Overnight Location Session for Heath Senior Models

Eight area high school seniors recently got up-close and personal with Singer Castle – the kind of up-close that comes from an overnight stay.

On May 11th, the students, who are members of the student ambassador program for Heath Photography, left via boat from Bonnie Castle Marina.

Accompanied by two Heath staff members and an ambassador from the previous year, the students participated in a photo session, a lecture about being open to and connecting with spirits, a scavenger hunt and other shenanigans, and a tour with accompanying ghost stories fit for a castle stay.

The photo session focused on prom attire and took place mostly outside, with the castle serving as a stunning backdrop. The students each chose a spot inside the castle for a few more individual shots.

Photographer Penny Kring conducted the shoot, with help from studio manager Brittany Hill and Kiana Conger, one of last year’s ambassadors.

The girls spent the night in the castle’s maid’s quarters, the boys were downstairs in a different room, and the staff stayed in the suites. But not much sleep was had, as the students were having such a blast roaming the castle and making new friends that they were awake until the wee hours of the morning.

The event was coordinated with the help of castle president Tom Weldon and caretaker Scott Garris, who led off the ghost story telling and castle tour.

This is the fourth year in a row that the Heath Photography staff and their student ambassadors have stayed overnight for a photo shoot at the castle.

This year’s students that participated in the photo shoot were (L>R) Cullen Willmert (Carthage), Isabella Rondon (Immaculate Heart), Brandy Milsap (Hammond), Bryanna Bowman (Gouverneur), Keelee Dingman (Beaver River), Katie Berry (Indian River), Maia Tsuji (Indian River), and Zach Vesel (Lisbon)

Owner Penny Kring Receives Merits

Owner Penny (Heath) Kring recently competed in a photography competition hosted by Professional Photographers of America (PPA). Penny has been a member of PPA for 17 years. The International Photographic Competition (IPC) is held annually, and members may submit several works to be scored by a panel of judges.

Two of the images Penny submitted in this year’s competition received scores deserving of a Merit. Pale Beauty and The Next Generation were critiqued on how well they meet the organization’s standards for a merit image. Penny says that “competing really helps me to improve my art,” and believes that learning is a life-long journey that she loves.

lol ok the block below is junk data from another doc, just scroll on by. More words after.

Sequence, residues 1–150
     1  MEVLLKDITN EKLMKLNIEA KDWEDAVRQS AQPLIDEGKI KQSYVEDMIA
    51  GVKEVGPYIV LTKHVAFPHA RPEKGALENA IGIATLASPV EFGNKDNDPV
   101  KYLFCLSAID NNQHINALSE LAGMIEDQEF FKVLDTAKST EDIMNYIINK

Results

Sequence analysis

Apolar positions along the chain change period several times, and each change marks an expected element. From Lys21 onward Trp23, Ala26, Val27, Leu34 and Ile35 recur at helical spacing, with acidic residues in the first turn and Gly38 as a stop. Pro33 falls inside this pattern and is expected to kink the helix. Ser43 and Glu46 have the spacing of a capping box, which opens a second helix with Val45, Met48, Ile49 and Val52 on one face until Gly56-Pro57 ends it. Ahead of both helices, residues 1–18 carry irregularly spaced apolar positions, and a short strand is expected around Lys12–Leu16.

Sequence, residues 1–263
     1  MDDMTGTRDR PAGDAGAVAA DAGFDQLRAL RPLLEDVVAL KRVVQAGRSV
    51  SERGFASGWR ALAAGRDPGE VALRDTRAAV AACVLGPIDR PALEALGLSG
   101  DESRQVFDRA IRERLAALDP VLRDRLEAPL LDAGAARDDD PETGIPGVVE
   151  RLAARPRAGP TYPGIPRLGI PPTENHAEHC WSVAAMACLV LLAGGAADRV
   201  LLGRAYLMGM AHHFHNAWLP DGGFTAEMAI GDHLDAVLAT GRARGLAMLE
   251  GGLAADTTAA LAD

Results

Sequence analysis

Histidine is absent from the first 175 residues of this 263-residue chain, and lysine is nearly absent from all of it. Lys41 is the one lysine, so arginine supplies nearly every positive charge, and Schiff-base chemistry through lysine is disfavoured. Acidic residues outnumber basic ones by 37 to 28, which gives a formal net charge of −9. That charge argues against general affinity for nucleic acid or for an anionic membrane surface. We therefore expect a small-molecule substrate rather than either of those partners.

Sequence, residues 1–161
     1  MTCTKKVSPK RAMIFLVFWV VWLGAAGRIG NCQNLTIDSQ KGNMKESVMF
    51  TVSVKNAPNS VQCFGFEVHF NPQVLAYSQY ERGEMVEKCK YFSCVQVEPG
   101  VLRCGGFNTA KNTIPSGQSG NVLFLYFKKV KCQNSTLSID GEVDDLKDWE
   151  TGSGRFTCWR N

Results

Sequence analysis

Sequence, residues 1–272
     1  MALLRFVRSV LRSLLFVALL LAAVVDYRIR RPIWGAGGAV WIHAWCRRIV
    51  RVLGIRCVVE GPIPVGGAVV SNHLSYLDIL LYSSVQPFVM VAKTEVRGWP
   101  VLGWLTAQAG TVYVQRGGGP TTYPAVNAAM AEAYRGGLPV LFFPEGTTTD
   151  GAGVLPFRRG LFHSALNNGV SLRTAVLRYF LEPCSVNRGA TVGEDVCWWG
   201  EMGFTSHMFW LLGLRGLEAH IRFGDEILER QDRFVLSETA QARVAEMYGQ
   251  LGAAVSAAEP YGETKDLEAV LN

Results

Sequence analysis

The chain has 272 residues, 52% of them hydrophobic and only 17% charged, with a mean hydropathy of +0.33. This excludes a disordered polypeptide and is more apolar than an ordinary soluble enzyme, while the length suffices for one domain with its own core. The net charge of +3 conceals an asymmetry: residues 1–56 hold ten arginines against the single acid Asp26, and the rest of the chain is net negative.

To view or purchase Penny’s work such as Pale Beauty, please follow this link.

Owner Penny Kring Gives Radio Interview

Owner and photographer Penny Kring (Heath) gives a radio interview about Heath Photography- how she got her start and was able to create a successful business for over 33 years. Have a listen!

http://professionalsradio.com/2016/11/penny-kring-11-14-16-photography/

The Importance of Customer Service:

Customer service is probably right up there at the top as far as important business practices go.  Because of this, here are a few practices we have adopted:  we immediately greet people when they come in the door, and we offer a seat and something to drink. Our customers never wait to be waited on– the longest they ever wait is five to ten minutes. We never overschedule. We listen to the customers; we always ask what they want, and what their expectations for the session are. We never act rushed; we always give ample time for every customer. We try to include lots of poses, so there are always a lot of choices.
Another point is that customer service has to follow through all the way to delivery. The whole process, from the taking of the photographs to delivery, has to be a fun experience. When we present our completed images, we always sit the customers down; show them every option; and, of equal importance, we always make sure they are happy before they leave.

Penny Heath, Portrait Photographer, on Outsourcing:


I have learned over the years that my money is better spent by outsourcing than by trying to do each part of the job by myself.  It makes the most sense for me personally to do what I do best, which is photographing and marketing. If I’m spending my days paying the bills, or mowing the lawn, or even viewing orders, I’m neglecting my highest skills.  But by outsourcing, I’ve found I can bring in more business, and offer a better product.  It’s a fine balance.


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